How the video “Three analytical traps in accident investigation” Helps me be a Better Incident Analyst

Recently, I've been spending some time reflecting on my first year as an incident analyst and what resources have been most helpful on this journey. The first resource that came to my mind was a video by Dr. Johan Bergstrom called Three analytical traps in accident investigation. Since almost day 1 of my incident analyst journey, this video has been indispensable to me.

The reason that the video has been so useful to me is that it uses specific examples of what not to do taken from an actual accident report, the United States National Transportation Safety Board's report written about the Asiana Airlines crash  from July 2013.

In this post I’ll be taking you through the traps that the video highlights, as well as examples of what I watch out for to avoid falling into these traps. I still watch this video every week so I can keep these traps at the front of my mind.

Avoid counterfactual reasoning.

As Bergstrom says in the video, counterfactual reasoning creates a parallel universe, which is not useful for incident analysis. Our job as incident analysts is to tell the story of the incident as it unfolded to those who took part in it, not what would have happened if they had done something else.  As Bergstrom points out in the video, the Asiana Airlines pilots did what they did because that is what made sense to them at the time. 

While studying my first incident with my team lead David I put in our notes something like:

“If the team had just not turned off the power, then recovery steps would have been far easier.”

David kindly pointed out that I had fallen into the counterfactual trap, told me this video was a good resource, and that moment has stayed with me to this day.

Normative language

 The use of Normative language indicates when the incident analyst injects their values into the study of an incident by measuring response based on some "norm", or idea of what is appropriate behavior.  The problem with using this language is that it makes it sound like those involved in an incident chose to make a mistake. As Bergstrom says in the video:

“It is as if the pilots chose to fly a mismanaged profile.”

Sounds crazy, right? None of us wants to inject our values into the study of an incident. But it is an easy trap to fall into. I've caught myself writing things like: 

 “The SRE team made an appropriate decision when they decided to use a Grafana dashboard to display critical alerts.”

 The problem with this quote is that, as the video says, this statement makes me sound like a judge rather than a curious analyst. It's not my job to judge whether an SRE team made a "good" or "bad" choice, but to understand why that choice was made.

 Now I’m extra careful to check for normative language in the incident reports we prepare.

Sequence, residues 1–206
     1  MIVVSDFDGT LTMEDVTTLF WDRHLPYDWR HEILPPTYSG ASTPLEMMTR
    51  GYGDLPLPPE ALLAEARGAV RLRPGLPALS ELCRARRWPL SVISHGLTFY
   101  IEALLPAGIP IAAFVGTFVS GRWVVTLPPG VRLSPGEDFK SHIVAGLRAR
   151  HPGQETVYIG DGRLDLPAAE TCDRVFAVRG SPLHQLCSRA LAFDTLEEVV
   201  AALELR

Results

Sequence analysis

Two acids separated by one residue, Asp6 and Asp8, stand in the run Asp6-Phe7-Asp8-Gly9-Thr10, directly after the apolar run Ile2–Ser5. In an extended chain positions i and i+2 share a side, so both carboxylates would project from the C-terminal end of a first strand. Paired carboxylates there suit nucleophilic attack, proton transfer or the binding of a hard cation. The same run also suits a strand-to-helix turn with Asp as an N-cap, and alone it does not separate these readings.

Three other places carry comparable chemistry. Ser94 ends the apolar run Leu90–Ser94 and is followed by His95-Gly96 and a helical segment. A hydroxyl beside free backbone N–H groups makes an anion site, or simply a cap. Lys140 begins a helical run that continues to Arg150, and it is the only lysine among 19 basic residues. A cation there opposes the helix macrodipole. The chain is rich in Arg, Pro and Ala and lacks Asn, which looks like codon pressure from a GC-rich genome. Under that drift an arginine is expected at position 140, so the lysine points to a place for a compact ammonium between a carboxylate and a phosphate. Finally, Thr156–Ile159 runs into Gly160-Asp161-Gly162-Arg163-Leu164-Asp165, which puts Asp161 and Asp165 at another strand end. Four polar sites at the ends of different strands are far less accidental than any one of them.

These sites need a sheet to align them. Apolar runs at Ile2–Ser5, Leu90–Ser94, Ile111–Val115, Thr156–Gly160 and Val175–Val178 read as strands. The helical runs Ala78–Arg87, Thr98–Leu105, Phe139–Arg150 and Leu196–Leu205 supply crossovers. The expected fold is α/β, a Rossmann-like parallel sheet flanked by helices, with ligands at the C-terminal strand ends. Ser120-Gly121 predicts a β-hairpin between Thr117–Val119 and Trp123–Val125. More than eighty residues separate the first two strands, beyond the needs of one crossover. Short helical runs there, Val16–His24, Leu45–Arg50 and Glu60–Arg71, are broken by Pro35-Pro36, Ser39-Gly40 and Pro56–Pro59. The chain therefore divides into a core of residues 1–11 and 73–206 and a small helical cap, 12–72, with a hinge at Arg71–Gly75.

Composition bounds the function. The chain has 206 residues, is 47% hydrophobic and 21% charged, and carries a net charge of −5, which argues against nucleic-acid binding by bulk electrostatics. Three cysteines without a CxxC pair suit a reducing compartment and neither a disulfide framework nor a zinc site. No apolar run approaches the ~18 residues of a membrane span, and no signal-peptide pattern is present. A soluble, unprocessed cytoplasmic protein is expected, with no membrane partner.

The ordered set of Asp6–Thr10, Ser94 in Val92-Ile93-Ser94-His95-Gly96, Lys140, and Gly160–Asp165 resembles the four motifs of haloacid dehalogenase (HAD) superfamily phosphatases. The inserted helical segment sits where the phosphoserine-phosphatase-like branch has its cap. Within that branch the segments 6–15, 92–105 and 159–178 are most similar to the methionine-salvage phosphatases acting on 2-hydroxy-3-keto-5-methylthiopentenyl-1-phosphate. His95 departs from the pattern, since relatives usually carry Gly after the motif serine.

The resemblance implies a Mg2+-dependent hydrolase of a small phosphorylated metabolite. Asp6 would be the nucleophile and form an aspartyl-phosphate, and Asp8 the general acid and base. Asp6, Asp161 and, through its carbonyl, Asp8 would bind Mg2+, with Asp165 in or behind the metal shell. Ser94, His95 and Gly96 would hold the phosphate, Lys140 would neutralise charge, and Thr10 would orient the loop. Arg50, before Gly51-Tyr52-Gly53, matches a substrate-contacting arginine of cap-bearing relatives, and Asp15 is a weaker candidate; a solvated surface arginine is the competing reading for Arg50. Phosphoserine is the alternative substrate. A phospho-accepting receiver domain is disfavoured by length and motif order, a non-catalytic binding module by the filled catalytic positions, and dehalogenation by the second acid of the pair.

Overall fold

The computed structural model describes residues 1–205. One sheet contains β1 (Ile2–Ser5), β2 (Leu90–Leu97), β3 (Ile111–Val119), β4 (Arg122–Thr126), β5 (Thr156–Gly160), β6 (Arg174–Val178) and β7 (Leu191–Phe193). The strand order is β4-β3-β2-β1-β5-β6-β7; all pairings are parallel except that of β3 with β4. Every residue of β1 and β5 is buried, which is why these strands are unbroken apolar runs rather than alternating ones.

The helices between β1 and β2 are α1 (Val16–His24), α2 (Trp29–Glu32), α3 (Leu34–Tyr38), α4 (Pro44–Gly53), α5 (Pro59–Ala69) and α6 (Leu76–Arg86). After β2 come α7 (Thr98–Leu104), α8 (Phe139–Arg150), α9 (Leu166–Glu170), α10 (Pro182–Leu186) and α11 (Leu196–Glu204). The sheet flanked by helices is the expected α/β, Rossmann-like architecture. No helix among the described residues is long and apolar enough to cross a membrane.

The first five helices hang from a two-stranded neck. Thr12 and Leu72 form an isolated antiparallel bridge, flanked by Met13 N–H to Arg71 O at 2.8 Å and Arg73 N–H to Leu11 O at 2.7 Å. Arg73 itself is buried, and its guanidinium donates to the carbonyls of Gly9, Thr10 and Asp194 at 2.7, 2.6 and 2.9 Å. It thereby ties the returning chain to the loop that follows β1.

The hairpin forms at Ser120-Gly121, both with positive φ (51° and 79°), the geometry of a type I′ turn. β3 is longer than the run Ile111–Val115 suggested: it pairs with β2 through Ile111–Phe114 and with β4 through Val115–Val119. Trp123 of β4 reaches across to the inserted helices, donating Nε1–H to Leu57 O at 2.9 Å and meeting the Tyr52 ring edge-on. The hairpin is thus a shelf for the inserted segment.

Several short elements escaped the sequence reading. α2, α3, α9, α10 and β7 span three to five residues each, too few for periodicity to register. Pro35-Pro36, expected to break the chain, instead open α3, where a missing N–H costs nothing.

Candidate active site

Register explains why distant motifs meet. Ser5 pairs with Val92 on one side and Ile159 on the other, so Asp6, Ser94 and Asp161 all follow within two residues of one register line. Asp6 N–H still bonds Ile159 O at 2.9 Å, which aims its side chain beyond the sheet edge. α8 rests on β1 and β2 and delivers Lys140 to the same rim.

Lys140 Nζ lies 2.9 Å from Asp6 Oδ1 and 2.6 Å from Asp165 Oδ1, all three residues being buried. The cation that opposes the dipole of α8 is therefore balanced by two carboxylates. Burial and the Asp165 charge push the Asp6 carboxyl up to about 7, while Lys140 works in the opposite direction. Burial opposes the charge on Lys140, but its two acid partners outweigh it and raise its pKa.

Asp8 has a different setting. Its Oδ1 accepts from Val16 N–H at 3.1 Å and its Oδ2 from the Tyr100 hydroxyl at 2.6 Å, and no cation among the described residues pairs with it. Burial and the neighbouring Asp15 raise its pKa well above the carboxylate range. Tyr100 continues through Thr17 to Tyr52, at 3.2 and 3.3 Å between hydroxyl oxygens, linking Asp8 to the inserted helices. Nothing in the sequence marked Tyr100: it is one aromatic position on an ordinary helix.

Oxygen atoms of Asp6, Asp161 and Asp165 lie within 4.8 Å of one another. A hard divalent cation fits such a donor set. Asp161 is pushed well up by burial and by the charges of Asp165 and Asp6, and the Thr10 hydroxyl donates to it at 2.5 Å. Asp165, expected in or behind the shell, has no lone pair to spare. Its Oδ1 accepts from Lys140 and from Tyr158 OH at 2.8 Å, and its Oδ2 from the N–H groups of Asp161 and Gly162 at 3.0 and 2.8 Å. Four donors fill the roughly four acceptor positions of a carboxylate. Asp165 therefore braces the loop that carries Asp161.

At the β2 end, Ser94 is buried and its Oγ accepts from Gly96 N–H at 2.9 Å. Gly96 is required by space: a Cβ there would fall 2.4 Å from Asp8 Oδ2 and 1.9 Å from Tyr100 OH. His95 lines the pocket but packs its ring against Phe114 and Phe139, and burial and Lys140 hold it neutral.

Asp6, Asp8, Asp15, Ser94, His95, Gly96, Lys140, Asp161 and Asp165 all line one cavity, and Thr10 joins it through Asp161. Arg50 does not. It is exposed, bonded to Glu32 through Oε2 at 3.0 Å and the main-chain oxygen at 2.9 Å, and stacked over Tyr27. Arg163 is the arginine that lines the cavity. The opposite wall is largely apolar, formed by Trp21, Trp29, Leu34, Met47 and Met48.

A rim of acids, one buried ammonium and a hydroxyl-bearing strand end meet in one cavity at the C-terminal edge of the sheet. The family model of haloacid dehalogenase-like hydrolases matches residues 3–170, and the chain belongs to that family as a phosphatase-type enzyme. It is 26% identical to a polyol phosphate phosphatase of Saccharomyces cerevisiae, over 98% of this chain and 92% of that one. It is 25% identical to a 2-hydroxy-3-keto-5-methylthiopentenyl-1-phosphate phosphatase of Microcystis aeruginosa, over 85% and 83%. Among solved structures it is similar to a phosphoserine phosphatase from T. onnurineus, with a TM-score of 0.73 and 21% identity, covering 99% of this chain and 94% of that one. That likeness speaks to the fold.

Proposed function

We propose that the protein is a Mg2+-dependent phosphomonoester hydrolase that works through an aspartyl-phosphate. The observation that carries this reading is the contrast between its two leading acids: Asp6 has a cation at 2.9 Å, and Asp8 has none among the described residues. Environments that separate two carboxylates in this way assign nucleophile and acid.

Mechanistic reasoning

Mechanistic reasoning suggests that incidents are caused by a malfunctioning set of components in an otherwise perfectly working system. Therefore, If we eliminate all the components that were working then we must be able to find the problem, which is typically the  person who "made a mistake". 

The problem with this reasoning is it goes against what we know to be true in the case of flight 214 or any complex system. In the case of the Asiana airlines crash the flight systems the pilots used were working as they expected until they realized that the plane was in trouble, and by that time it was too late. Accidents, or incidents in the case of software, are often the result of well-functioning systems acting in ways that we do not expect them to.

A story comes to mind that I'll relate which further helps to illustrate this trap. Our incident analyst team was having a conversation during our office hours when a new person to our team unfamiliar with the learning from incidents approach was relating the story of an incident he was studying where an engineer had forgotten to rotate a certificate.

Paraphrasing this new analyst:

“If this guy had just remembered to rotate the certificate than things would have been fine. I mean, it was written on his whiteboard for weeks!!”

 Our response went something like:

“Well how do you know that could have prevented the incident. What kind of other pressures was this guy under? What other high priority things did he have on his plate?”

Our colleague didn't know it at the time, but he was engaging in mechanistic reasoning. For him, the problem boiled down to one thing, the engineer who never got around to rotating certificates, when there could have been so many other things at play. He has since thanked us for helping him to think more holistically about our systems during incidents.